America Makes The Beautiful Game Look Like The Ugly Game

Don AbrahamContributor IApril 25, 2009

CARSON, CA - APRIL 18:  Goalkeeper Zach Thornton #22 of Chivas USA and Freddie Ljungberg #10 of Seattle Sounders FC shake hands after the MLS match at The Home Depot Center on April 18, 2009 in Carson, California. Chivas USA defeated Sounders FC 2-0.  (Photo by Victor Decolongon/Getty Images)

European football AKA, soccer is not sitting well with the American public. Pele introduce America to soccer back in 1975, while playing for the New York Cosmos. Mainly immigrant communities and upscale suburban communities have taken an interest in soccer.

Unfortunately, the heartland of America, and urban America, never paid attention. Why is soccer an international sport of great value, and the Americans do not care to even pay attention to the sports?

MLS soccer is not interesting, to be truthful, the MLS has thrown so much money at developing the league, but it just don't work. The departure of David Beckham is an interesting situation.

Beckham was expected to be the saviour of soccer in America, now he wants nothing to do with it. Maybe he found it odd, that a league where they can afford to pay a player $50 million per season, was getting their butts kicked by teams that can afford to barely pay their players $40,000 per season.

The USL is far more exciting, aggressive, and skillful than the MLS. The New England Revolution cannot even beat Joe Public, a team based in Trinidad and Tobago. The Houston Dynamo cannot even beat the Puerto Rico Islanders. Why are USL teams advancing in the Concacaf champions league and MLS teams not.

The MLS format is utterly ridiculous, the idea that the MLS thinks they can develop into a league and cannot outperform teams that play in front of audiences of 2,000, is illusional. Flat out the USL is just a better league. I don't know why, but maybe some one can tell me.

The MLS has become a breeding ground for young American players before they depart to Europe. Players like Clint Dempsey, Jozy Altidore, Maurice Edu, Michael Bradley, Brad Guzan, and Fredie Adu, have practically used the MLS as a stepping stone before going to play in Europe.

Its totally unacceptable, that an American sports league is a breeding ground. In America we are suppose to be the best of the best, the cream of the crop, when it comes to soccer we are a total whack job. 

With all due respect the fact that Landon Donovan is touted as the all-time goal scorer in the history of US National soccer is ashamed. I love Dovonvan he grew up where I grew in the Inland Empire, of Southern California, but hes an average soccer player who struggled to crack the lineup while on loan at Bayern Munich.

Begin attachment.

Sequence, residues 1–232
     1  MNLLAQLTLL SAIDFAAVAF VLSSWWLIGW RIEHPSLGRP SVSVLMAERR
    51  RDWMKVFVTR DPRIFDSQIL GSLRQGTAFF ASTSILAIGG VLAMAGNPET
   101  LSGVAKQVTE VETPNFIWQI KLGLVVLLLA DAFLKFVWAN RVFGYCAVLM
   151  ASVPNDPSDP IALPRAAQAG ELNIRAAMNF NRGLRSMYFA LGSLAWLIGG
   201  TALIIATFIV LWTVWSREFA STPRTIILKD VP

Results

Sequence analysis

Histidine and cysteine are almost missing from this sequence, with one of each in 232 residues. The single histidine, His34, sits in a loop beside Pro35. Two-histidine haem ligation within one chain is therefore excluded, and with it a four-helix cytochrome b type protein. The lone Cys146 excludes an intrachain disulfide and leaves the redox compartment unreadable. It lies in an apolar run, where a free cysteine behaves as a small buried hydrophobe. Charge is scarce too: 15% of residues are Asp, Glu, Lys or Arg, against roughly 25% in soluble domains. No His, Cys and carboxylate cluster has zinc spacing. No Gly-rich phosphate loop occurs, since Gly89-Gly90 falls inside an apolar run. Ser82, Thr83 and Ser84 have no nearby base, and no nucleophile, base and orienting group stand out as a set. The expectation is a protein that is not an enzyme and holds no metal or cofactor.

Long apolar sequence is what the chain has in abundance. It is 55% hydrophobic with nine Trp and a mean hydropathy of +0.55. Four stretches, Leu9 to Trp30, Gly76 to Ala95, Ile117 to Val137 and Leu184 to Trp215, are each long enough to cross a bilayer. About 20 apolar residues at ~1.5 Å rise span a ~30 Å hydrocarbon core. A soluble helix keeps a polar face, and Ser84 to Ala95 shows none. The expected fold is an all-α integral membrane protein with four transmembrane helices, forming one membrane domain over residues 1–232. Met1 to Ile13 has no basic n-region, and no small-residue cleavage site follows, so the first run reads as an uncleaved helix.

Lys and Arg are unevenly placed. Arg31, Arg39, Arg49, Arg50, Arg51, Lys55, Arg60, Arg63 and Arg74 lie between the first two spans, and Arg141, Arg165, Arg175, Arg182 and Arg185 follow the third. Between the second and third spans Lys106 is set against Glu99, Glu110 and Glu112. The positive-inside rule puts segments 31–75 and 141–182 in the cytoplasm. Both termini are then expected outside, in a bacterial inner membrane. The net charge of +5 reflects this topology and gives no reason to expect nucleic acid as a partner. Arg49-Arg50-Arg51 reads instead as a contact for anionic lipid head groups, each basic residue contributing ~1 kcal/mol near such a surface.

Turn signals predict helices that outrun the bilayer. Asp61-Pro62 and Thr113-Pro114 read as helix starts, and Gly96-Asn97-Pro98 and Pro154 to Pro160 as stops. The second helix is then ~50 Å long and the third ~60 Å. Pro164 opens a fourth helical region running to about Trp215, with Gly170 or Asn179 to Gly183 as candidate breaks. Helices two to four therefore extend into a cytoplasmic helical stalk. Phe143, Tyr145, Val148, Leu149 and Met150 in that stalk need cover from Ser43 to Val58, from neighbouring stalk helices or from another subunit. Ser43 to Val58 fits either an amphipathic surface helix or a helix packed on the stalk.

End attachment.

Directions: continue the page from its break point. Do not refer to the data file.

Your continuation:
US soccer needs to develop players at a younger age, and make an effort to introduce kids from all backgrounds to the sport. Players like Maurice Edu, who is a friend of my family and also comes from the Inland Empire of Southern California, comes from an immigrant family, just as Freddy Adu, and Jozy Altidore. 

There accomplishments are not applaudable for US soccer, I come from an immigrant family also, and was born it soccer. Soccer was the first sport I played and the only sport my parents ever took interest in me playing. However the environment to develop into a player was no where to be found.

It is mind boggling how the MLS continues to expand, and invest money into the league, when the future looks grim. The fans here at MLS games in Los Angeles at the Home Depot Center  are wannabes. I go to the games and the fans are not passionate in the stands, they only appear to be passionate in order to imitate the European Football fans they see on Fox Soccer Channel, and Gol TV.

The main problem with US soccer and the MLS is that their is no fundamental ingredients as to how to develop players between the ages 6-13. Soccer is unlike any other sport.

You cant start getting serious about soccer when your in high school, like baseball, basketball, and football. Most elite soccer players are signing their first professional contract in high school.

Shame on the MLS for investing in a league, without implementing youth academy's. The MLS only have 3 teams that have a youth academy, Chicago Fire, D.C United, and New York Red Bulls. The MLS is completely clueless to the fact that the league needs more youth academy's. Every team in the MLS should be mandated to have a youth academy.

In Los Angeles, where I live there is a huge surplus of talented kids. The Home Depot Center is a state of the art soccer facility, but yet no youth academy. The youth system is the only way to build great players and leagues.

The concentration on youth soccer are one of the reasons the English Premiere league  is so dominate. Anyone who has been to the UK knows that youth soccer is very huge, and every kid in the UK participates, therefore no potential talent goes unnoticed.

As a father of 2 boys one 18 months the other 3 months, I day dream about my kids playing professional soccer, but not here. I look at potential youth academies and leagues but there are very few, which offer a competitive nature.

Hopefully when they get older, but as for now I'm stuck with crafting my own strategy to develop my children in to elite football players. I hope its works!